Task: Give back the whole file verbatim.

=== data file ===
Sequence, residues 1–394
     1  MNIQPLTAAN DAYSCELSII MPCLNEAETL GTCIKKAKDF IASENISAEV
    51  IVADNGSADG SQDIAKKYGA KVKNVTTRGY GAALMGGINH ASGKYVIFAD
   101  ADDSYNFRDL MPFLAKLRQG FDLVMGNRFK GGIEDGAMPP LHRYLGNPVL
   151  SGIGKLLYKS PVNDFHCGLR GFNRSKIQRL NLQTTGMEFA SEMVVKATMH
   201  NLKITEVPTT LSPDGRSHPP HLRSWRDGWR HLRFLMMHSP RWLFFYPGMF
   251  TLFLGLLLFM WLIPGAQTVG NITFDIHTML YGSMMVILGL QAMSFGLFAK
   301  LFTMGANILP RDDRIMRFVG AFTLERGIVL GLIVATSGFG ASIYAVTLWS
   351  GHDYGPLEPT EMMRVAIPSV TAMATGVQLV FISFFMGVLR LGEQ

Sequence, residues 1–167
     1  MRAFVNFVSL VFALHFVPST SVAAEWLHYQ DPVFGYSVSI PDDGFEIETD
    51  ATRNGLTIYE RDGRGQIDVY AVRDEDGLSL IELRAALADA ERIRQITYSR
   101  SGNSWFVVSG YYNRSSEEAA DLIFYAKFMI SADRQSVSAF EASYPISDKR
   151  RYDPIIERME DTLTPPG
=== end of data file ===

Sequence, residues 1–394
     1  MNIQPLTAAN DAYSCELSII MPCLNEAETL GTCIKKAKDF IASENISAEV
    51  IVADNGSADG SQDIAKKYGA KVKNVTTRGY GAALMGGINH ASGKYVIFAD
   101  ADDSYNFRDL MPFLAKLRQG FDLVMGNRFK GGIEDGAMPP LHRYLGNPVL
   151  SGIGKLLYKS PVNDFHCGLR GFNRSKIQRL NLQTTGMEFA SEMVVKATMH
   201  NLKITEVPTT LSPDGRSHPP HLRSWRDGWR HLRFLMMHSP RWLFFYPGMF
   251  TLFLGLLLFM WLIPGAQTVG NITFDIHTML YGSMMVILGL QAMSFGLFAK
   301  LFTMGANILP RDDRIMRFVG AFTLERGIVL GLIVATSGFG ASIYAVTLWS
   351  GHDYGPLEPT EMMRVAIPSV TAMATGVQLV FISFFMGVLR LGEQ

Sequence, residues 1–167
     1  MRAFVNFVSL VFALHFVPST SVAAEWLHYQ DPVFGYSVSI PDDGFEIETD
    51  ATRNGLTIYE RDGRGQIDVY AVRDEDGLSL IELRAALADA ERIRQITYSR
   101  SGNSWFVVSG YYNRSSEEAA DLIFYAKFMI SADRQSVSAF EASYPISDKR
   151  RYDPIIERME DTLTPPG